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Whether We Recognize Him As Such Or Not, God Is Our King

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15 Now the day before Saul came, the Lord had revealed to Samuel: 16 “Tomorrow about this time I will send to you a man from the land of Benjamin, and you shall anoint him to be prince over my people Israel. He shall save my people from the hand of the Philistines. For I have seen my people, because their cry has come to me.” 17 When Samuel saw Saul, the Lord told him, “Here is the man of whom I spoke to you! He it is who shall restrain my people.” 18 Then Saul approached Samuel in the gate and said, “Tell me where is the house of the seer?” 19 Samuel answered Saul, “I am the seer. Go up before me to the high place, for today you shall eat with me, and in the morning I will let you go and will tell you all that is on your mind. 20 As for your donkeys that were lost three days ago, do not set your mind on them, for they have been found. And for whom is all that is desirable in Israel? Is it not for you and for all your father’s house?” 21 Saul answered, “Am I not a Benjaminite, from the least of the tribes of Israel? And is not my clan the humblest of all the clans of the tribe of Benjamin? Why then have you spoken to me in this way?”
(1 Samuel 9:15-21)

Over the previous few days, we’ve seen Saul and his servant enter the town where Samuel was, looking for him. On the previous day God had told Samuel that at about the same time on the next day, He would send to him a man from the land of Benjamin [1 Samuel 9:15-16].

Neither Saul nor Samuel knew what the other looked like. So when Samuel saw Saul, the Lord told him, “Here is the man of whom I spoke to you!” Saul had to certainly stand out in a crowd.

Certainly, when Samuel saw Saul he had to notice him:  Saul, being incredibly tall and handsome, stood out in a crowd [1 Samuel 9:1-2]. Besides, Samuel knew to expect God’s chosen leader at that time of day. So when he saw Saul, Samuel must have wondered if this was the man. God’s words confirmed any such thoughts.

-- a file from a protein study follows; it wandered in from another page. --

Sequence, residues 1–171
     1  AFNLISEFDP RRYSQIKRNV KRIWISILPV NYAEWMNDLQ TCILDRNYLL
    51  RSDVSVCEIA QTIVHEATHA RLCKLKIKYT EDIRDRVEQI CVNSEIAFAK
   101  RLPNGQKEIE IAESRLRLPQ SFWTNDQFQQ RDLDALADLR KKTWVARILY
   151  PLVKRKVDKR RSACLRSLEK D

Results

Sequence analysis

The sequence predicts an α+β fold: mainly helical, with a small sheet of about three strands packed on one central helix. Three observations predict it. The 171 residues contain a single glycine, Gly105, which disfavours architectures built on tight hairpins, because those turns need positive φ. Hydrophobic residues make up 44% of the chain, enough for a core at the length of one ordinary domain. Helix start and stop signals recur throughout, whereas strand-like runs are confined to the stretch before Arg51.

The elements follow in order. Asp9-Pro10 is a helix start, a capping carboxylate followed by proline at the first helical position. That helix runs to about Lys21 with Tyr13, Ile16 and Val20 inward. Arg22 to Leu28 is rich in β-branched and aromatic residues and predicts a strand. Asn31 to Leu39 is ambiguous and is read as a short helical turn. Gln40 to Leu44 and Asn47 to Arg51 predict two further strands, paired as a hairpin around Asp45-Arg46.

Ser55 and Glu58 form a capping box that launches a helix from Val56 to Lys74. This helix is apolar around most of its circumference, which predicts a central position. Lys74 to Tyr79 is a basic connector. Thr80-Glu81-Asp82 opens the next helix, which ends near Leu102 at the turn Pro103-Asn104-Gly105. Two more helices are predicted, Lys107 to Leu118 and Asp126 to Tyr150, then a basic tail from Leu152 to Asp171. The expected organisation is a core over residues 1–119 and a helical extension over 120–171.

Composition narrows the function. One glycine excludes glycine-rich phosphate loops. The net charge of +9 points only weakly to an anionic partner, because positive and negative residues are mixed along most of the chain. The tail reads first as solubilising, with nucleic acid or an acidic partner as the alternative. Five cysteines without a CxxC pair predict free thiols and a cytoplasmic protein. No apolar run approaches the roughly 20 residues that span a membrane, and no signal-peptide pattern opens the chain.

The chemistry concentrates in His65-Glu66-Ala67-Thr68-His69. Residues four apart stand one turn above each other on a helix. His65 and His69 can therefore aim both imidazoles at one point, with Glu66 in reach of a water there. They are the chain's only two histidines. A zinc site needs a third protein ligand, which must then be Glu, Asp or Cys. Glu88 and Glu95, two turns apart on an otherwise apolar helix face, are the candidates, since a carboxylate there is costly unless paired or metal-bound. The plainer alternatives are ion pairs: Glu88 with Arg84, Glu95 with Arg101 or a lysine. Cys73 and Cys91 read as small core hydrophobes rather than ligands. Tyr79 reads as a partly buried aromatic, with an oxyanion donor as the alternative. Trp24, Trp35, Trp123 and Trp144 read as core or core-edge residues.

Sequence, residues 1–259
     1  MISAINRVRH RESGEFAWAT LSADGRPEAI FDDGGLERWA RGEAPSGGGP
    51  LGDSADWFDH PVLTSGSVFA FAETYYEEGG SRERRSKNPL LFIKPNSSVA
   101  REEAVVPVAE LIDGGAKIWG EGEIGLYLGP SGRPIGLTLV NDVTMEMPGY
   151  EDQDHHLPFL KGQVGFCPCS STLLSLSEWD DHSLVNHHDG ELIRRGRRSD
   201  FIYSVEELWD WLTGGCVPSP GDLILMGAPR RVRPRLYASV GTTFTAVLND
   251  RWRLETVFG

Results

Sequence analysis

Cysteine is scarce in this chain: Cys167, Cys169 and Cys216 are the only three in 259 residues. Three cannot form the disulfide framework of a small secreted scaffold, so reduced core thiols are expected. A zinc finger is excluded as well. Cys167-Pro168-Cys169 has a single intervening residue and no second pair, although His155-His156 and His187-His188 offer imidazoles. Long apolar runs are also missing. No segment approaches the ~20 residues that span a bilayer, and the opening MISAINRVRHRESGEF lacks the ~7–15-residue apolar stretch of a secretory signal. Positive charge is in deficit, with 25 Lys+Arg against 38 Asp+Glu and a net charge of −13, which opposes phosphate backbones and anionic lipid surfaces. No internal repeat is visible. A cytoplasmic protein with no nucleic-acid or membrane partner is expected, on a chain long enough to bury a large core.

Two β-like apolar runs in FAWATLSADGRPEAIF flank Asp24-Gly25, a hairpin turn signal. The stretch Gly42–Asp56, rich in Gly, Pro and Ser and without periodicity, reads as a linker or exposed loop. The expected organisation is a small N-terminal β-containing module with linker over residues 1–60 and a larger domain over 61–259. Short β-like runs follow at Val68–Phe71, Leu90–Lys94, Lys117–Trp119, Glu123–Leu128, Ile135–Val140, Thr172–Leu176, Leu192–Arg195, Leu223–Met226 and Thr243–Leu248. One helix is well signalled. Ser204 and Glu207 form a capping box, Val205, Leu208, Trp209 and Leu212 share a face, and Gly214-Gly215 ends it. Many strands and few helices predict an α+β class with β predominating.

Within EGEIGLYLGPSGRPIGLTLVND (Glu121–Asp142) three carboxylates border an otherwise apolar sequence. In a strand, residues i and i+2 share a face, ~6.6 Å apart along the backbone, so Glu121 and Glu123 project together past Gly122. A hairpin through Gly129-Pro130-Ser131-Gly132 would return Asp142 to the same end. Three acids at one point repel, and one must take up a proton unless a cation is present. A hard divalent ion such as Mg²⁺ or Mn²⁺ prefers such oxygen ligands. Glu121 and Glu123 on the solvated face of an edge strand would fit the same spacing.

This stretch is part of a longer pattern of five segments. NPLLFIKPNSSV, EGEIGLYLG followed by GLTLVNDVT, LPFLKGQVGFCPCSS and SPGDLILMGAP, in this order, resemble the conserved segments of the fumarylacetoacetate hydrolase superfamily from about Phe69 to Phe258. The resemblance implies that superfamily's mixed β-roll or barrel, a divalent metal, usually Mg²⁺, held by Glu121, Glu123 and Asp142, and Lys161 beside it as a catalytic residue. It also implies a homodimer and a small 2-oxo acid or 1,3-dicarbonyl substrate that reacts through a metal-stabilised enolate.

But God said something more to Samuel. He says that Saul shall restrain His people. God’s choice of words here is interesting. In the original Hebrew, the word translated “restrain” is עָצַר (pronounced atsár). This word means “to halt the motion of” something or someone as opposed to stopping oneself.

Why God chose this word is hard to understand. Perhaps Saul would restrain the sin of the Israelites who were not walking closely with God at this time. They were constantly sinning by following the despicable practices of foreign religions, not to mention sinning by rejecting God in favor of a human king.

Or possibly, God was telling Samuel that Saul would be a coercive and tyrannical ruler, who would suppress the people of Israel. This would be consistent with the warning God gave Israel when they asked for a king [1 Samuel 8:10-18].

As we continue to study the story of Saul we’ll see that He didn’t do much to lead Israel away from sin. He was a weak ruler who was sinful himself. He was motivated by vanity and paranoia and as a result, his reign was marked by absolute and stern power.

This is exactly why God chose Saul to be Israel’s first monarch. He knew Saul would act this way and He wanted to show Israel that human rulers were not the answer to their plight.

Like everything God does and allows, His goal was to demonstrate the He was the better choice and Israel should abandon their thoughts that any human leader could do a better job than He.

But this is the way we think. We always seek to do things via human effort rather than doing things God’s way. We’ve done this since the Garden of Eden when Adam and Eve replaced God’s commands with their own logic.

For all of time, people have consistently thought that a leader – be it a political leader or a social leader – is the answer to our woes. This is why the human race, like Israel, rejects God as their king.

Human leaders are never the answer to our problems. They can’t be as they, like all humans, are imperfect and sinful. They can’t rule benevolently and humbly. They can only rule to serve themselves, their ideology, or political party.

Adam and Eve rejected God’s leadership in favor of leading themselves. But that didn’t stop God from being their king. Israel rejected God but that didn’t stop God from being their king either.

Only God has the wisdom, power, and humility to meet our most desperate needs. God was Israel’s true leader and He is the world’s one true leader today.

Every other leader only reigns at God’s discretion [Proverbs 8:15; Daniel 2:21; Romans 13:1], just like a prince reigns at the king’s discretion. Saul was a prince [1 Samuel 9:16], not a king.

God is our king. Whether we recognize Him as such or not.

Comments? Questions? I’d love to hear from you. Please feel free to contact me about this post.

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